Topics: Anton Chekhov, Russia, Serfdom Pages: 2 (610 words) Published: October 16, 2014
Anton Chekhov was born into a family of
emancipated serfs. His paternal grandfather was a
serf who had purchased the freedom of his family
in 1841--twenty years before the abolition of
serfdom in Russia. Born in 1860 in Taganrog, a
prosperous provincial town on the Sea of Azov,
Chekhov became a medical doctor, a short story
writer, a landowner, a playwright, and a loyal son
and brother.
Chekhov’s family was full of contradictions.
His disciplinarian father opened his own grocery
shop where Chekhov’s early life played out amidst
long hours of labor and practice for the church
choir conducted by his father--a devout Orthodox
Christian who wanted his children to have the best education he could afford in a grammar school immersed in the study of Greek and Latin. But the father was also a drunk, a cheat, and a debtor who often beat his children.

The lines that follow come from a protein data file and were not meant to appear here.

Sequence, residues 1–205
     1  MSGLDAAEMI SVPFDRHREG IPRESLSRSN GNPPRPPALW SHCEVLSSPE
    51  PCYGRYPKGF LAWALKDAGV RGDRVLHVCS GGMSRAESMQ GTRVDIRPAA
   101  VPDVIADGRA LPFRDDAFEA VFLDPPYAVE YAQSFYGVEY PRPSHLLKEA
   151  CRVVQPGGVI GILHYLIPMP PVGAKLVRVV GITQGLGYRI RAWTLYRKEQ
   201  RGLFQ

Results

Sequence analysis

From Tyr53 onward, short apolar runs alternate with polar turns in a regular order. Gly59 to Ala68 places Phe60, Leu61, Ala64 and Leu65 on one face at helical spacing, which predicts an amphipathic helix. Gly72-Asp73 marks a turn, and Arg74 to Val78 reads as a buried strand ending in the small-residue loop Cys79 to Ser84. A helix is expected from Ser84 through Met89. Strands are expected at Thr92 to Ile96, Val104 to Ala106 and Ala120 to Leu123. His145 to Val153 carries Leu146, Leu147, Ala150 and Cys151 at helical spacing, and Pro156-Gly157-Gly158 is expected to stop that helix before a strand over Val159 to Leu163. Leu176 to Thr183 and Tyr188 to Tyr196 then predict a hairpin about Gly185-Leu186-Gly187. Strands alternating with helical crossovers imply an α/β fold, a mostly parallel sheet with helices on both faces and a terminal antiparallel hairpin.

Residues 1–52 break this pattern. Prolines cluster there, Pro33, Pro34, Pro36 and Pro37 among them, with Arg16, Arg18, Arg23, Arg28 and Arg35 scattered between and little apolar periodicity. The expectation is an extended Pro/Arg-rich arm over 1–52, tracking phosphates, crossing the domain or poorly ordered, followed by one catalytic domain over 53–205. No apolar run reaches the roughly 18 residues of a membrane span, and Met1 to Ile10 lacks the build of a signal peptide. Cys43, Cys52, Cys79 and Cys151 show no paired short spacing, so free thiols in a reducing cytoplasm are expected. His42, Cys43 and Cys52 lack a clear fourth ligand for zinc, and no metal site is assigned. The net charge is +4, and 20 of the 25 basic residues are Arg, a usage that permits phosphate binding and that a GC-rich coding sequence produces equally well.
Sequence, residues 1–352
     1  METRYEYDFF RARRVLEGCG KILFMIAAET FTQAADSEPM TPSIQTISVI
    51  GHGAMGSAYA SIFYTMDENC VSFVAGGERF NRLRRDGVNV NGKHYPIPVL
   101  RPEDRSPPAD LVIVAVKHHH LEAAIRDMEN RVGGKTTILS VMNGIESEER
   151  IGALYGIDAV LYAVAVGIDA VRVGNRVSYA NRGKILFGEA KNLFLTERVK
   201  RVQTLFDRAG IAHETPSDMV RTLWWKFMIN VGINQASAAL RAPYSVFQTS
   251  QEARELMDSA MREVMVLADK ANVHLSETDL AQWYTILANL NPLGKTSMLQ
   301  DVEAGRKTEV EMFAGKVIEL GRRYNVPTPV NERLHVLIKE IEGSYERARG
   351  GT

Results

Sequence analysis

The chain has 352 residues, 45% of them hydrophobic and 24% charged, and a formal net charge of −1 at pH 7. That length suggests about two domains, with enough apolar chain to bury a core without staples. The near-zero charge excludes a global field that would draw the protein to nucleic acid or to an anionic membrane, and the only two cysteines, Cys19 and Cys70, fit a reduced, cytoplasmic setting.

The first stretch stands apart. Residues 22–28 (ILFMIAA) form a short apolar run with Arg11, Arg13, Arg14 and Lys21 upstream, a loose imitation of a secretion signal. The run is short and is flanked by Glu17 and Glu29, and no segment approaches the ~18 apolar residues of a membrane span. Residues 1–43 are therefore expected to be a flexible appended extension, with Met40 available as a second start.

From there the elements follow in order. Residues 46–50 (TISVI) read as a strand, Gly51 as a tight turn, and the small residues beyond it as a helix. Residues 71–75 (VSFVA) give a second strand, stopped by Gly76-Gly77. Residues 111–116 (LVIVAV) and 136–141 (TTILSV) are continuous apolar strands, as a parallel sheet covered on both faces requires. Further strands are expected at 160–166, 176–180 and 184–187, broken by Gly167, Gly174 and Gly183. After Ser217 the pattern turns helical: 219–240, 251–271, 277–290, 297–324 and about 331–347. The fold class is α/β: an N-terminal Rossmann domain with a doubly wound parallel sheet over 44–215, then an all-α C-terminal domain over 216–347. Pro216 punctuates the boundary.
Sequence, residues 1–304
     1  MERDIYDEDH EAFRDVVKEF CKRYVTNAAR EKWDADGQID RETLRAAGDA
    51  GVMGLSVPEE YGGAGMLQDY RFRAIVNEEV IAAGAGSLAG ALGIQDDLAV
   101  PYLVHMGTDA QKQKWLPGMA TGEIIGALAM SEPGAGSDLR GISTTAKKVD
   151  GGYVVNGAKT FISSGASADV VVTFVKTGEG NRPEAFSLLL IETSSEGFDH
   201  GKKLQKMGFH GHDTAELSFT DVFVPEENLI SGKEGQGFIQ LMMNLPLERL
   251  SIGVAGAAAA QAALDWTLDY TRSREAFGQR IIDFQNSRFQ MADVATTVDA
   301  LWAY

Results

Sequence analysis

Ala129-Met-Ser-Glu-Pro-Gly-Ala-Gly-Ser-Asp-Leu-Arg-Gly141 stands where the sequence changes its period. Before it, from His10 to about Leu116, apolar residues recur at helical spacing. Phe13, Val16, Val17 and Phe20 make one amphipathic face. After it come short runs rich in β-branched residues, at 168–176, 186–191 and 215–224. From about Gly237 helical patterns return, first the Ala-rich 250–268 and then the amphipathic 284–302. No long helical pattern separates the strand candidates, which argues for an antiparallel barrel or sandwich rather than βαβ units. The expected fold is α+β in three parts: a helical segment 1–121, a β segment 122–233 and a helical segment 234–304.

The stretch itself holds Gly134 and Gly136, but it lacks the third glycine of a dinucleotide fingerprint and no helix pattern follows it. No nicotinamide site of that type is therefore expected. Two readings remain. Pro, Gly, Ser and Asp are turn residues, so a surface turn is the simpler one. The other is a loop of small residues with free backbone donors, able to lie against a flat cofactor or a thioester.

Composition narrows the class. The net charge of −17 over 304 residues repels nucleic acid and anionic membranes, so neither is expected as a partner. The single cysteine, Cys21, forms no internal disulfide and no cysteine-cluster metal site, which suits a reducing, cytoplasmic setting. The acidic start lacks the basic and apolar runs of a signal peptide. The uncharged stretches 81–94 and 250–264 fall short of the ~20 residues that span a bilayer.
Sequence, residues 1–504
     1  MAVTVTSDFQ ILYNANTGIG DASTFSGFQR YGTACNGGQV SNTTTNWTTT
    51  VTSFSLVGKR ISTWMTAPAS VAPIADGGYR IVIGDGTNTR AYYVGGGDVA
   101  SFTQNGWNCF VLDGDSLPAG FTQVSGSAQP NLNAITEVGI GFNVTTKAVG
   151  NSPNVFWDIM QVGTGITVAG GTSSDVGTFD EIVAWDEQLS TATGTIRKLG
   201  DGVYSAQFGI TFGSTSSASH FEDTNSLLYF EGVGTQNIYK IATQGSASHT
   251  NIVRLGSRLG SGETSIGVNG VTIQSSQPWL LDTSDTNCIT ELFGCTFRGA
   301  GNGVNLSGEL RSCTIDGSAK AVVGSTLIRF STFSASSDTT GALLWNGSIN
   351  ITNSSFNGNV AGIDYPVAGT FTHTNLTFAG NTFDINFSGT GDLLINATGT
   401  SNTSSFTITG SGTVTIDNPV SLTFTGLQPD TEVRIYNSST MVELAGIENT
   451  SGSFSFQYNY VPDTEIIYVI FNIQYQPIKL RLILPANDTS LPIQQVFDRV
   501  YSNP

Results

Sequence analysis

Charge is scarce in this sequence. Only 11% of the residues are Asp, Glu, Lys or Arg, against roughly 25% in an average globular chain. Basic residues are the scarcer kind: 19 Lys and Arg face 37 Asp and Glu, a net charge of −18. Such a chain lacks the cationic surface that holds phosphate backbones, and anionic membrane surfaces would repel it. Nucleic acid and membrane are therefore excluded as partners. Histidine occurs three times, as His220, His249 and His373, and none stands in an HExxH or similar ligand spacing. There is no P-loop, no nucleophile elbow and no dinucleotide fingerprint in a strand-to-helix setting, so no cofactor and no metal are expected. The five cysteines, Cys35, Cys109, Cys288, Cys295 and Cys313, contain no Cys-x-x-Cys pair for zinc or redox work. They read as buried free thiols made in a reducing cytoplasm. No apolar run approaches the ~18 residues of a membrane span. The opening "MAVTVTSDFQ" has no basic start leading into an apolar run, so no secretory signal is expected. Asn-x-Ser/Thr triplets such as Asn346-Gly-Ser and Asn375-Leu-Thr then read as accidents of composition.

The main event of Chekhov’s teen-age years was the family relocation. His father’s shop failed. Facing debtors’ prison, the bankrupt fled with his family to Moscow, leaving Anton at 16 behind to complete his secondary schooling and fend for himself. He always said that his life was transformed during the three years between sixteen to nineteen, when, left alone in Taganrog after his father’s bankruptcy, he supported himself by tutoring younger students and cadging food from relatives.

The desperate poverty of his childhood only made him more resourceful and hardworking. Liberation from the traditions and values of his parents created a spiritual metamorphosis that produced, like so many of his characters, an outsider determined to crash through the barriers of society. Rampant through his stories are people who desperately try to better themselves—landowners who aid their tenants, daughters of factory workers who grow up to be factory owners, shopkeepers’ sons who aspire to marry rich girls. Joining the family in Moscow three years later, Anton took responsibility for...
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